This is precisely what Mr. Obama advocates when he speaks of "tax cuts."  The Wall Street Journal reports:

The Tax Foundation estimates that under the Obama plan 63 million Americans, or 44% of all tax filers, would have no income tax liability and most of those would get a check from the IRS each year.

The only way people who don't pay income taxes now can receive a tax cut is for the government to pay them a "negative income tax."  Having government give money to people when they don't work for the government used to be called "welfare."

Mr. Obama knows that explicitly increasing welfare won't sell in a close election.  He's calling his plan to fulfill the Times' call to help working people handle their debts by increasing welfare payments a "tax cut" instead.

Like the Times, Mr. Obama seems to feel that a middle class lifestyle is a divine right.  Or, even if it isn't quite a divine right, enough people expect the government to take care of them that he can win an election by promising to give them other people's money.

More Divine Rights

The Times carries the theme of divine right yet further in an article "Scrimping on Medical Care" which says:

For the first time in at least a decade, American consumers are ordering fewer prescription drugs than the year before, according to an analysis by IMS Health, a research firm. Although the decline is modest - less than 1 percent for the first eight months of this year compared with the same period a year ago - and several factors may be at play, many experts believe that people in financial difficulty are choosing to forgo medications in order to pay for other necessities.

The Times forgets that doctors get paid money to prescribe drugs; doctors don't get paid anything when people who aren't sick don't feel that they need drugs.  We've pointed out that when medical care is free, demand goes through the roof; there's no limit to the amount of health care that people can want.

It's possible that people are economizing on drugs, but there's another reason drug use might go down - several very expensive drugs such as Vioxx have recently been found to be either harmful or ineffective and have been taken off the market.  Taking expensive drugs off the market can't help but reduce drug spending.

There is a more fundamental reason why prescription purchases would go down - people are rebelling against taking drugs.  Instead of just popping pills and expecting miracles, people are exercising, watching their diet, and in general taking better care of themselves.  Millions of people subscribe to on-line services or magazines that advise against taking medications.  People don't trust doctors and question the taking of drugs at every opportunity.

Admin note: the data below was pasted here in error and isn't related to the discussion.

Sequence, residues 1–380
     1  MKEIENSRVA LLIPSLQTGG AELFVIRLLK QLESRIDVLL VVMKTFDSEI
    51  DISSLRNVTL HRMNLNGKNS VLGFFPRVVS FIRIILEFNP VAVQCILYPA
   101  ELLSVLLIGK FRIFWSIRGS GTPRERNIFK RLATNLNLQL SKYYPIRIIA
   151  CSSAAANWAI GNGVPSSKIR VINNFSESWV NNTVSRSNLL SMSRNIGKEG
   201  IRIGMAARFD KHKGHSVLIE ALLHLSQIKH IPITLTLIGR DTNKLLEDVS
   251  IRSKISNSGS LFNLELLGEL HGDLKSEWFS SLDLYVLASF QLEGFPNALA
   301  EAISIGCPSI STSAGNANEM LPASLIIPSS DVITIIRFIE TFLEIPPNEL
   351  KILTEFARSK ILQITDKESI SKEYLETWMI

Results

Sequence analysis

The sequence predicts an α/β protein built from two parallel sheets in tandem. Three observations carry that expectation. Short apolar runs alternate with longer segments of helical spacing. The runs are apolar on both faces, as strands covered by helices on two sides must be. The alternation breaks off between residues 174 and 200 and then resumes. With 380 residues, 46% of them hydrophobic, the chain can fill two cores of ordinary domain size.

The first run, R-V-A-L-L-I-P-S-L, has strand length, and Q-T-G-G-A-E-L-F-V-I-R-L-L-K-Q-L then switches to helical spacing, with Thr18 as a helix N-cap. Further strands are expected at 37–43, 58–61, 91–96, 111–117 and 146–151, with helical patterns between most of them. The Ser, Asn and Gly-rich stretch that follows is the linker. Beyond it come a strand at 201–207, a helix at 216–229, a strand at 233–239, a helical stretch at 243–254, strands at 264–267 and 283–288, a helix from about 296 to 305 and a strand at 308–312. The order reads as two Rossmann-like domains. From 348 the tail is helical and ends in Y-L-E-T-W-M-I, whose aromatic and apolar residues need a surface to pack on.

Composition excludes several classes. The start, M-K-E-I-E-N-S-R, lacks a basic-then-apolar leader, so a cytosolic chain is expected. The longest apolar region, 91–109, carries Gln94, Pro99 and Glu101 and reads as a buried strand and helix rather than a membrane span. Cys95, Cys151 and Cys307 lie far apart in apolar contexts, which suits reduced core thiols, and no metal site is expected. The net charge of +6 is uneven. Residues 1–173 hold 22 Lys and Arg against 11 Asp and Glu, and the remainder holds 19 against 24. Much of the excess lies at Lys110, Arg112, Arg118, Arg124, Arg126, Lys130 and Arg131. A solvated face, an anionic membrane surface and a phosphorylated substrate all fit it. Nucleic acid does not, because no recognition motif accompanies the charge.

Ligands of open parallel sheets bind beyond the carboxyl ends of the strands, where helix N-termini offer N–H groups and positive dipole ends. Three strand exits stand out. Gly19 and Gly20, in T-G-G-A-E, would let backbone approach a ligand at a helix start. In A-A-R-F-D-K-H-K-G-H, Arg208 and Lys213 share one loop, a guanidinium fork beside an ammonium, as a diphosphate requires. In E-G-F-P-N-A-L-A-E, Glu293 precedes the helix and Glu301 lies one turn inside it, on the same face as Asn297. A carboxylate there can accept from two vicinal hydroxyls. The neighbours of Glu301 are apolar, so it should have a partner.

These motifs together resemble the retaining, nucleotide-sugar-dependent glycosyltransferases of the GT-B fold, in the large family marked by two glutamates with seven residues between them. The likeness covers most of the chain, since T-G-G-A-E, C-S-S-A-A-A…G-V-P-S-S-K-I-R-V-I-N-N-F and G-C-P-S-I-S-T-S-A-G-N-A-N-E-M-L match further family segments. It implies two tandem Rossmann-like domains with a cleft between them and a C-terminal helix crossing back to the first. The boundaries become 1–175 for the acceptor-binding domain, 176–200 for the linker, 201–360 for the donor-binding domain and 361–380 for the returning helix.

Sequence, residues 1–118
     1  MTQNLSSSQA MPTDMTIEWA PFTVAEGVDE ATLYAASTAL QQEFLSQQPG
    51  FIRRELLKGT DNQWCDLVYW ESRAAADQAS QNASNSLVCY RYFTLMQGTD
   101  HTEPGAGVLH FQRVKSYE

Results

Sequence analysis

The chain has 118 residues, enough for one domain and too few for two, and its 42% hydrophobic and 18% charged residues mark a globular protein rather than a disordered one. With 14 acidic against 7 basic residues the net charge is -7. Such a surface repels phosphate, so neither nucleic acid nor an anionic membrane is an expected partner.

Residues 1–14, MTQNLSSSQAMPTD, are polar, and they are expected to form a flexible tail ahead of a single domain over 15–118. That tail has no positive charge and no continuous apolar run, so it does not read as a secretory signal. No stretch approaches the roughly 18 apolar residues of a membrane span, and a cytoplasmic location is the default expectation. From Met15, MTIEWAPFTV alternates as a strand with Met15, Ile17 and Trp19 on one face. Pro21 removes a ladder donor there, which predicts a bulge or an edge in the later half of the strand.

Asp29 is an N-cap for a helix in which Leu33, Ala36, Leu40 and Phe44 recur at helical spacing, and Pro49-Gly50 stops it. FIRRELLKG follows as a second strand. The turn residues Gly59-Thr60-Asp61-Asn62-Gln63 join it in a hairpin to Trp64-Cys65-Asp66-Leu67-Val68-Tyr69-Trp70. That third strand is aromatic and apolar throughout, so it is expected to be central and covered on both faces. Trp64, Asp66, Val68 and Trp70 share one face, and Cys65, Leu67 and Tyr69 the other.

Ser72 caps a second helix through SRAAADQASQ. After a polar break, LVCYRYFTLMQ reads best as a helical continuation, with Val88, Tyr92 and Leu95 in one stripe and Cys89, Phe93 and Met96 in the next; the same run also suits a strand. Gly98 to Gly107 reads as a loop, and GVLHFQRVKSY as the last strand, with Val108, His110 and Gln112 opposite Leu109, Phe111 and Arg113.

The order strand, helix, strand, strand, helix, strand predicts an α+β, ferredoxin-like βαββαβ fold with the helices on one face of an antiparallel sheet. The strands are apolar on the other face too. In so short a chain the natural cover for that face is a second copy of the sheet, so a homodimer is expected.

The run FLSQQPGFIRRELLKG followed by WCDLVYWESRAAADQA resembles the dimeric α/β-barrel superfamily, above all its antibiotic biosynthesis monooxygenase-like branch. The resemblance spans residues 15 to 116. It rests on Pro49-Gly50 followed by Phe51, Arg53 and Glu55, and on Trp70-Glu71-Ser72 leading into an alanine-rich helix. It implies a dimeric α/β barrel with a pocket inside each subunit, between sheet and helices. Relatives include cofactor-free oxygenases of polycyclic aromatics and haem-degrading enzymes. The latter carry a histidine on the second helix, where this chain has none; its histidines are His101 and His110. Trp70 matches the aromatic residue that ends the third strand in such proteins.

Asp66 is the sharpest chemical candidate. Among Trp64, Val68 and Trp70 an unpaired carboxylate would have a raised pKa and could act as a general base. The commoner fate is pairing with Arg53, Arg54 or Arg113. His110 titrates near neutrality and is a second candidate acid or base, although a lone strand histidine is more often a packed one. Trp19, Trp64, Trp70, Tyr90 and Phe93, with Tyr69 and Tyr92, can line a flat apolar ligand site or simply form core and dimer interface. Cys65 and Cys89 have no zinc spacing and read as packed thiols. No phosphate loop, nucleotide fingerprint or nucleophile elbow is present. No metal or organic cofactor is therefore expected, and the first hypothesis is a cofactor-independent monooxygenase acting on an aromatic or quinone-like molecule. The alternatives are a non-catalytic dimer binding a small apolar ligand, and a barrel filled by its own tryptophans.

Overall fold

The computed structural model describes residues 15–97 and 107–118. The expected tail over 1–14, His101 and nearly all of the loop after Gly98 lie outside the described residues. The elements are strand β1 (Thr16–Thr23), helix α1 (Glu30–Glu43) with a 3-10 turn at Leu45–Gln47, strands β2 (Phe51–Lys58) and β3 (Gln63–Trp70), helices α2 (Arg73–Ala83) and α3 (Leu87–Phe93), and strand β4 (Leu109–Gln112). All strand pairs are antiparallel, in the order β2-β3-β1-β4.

We should be celebrating Americans being more accountable for their health, yet the Times insists that the only reason drug spending would go down is for people to be unable to afford drugs they need.

Suppose that the Times' premise is correct and that people, in fact, can't afford drugs that might benefit them.  Are we as a society prepared to say that it's the government's responsibility to provide all the drugs from which any citizen might benefit?

If we decide that it is the government's responsibility, need it be the federal government?

The Times seems to be saying that a) Americans have a divine right to receive unlimited quantities of any and all medicines that might benefit them, b) doctors have a divine right to earn money by prescribing these drugs, and c) supplying those drugs is a federal responsibility.

Divine Right Isn't Divine

The difficulty with assuming that all Americans have a divine right to receive unlimited medicines and all the trappings of a middle class lifestyle whether they work or not is that we don't have enough taxpayers to pay for it all.

Obama's plan will mean that 44%, or nearly half, of all tax filers would either pay no income tax or get money from the government as "negative income tax."  What additional fraction of voters are government employees who want taxes to go up so that the government has more money to spend on them?  We've shown how government employees lobby incessantly for more government programs and more rules to make people have to come to them for permission to do this or that; we all know how fast bureaucrats can run up government costs.

It's bad enough to have government employees lobbying for more spending.  It's quite another to have more than half the tax filers receiving more money from the government than they pay.  Won't all these voters have a strong temptation to lobby for more welfare, particularly when they can call it "tax cuts" instead?

Over the weekend, a very telling recording came to light, in which Barack Obama was interviewed by a local Chicago radio station in 2001.  The entire recording can be found online, but read Barack Obama's own words on this subject:

...As radical as I think people tried to characterize the Warren Court, it wasn't that radical. It didn't break free from the essential constraints that were placed by the Founding Fathers in the Constitution - at least as it's been interpreted, and Warren Court interpreted it in the same way, that generally the Constitution is a charter of negative liberties: [It] says what the states can't do to you, says what the federal government can't do to you, but it doesn't say what the federal government or the state government must do on your behalf. [emphasis added]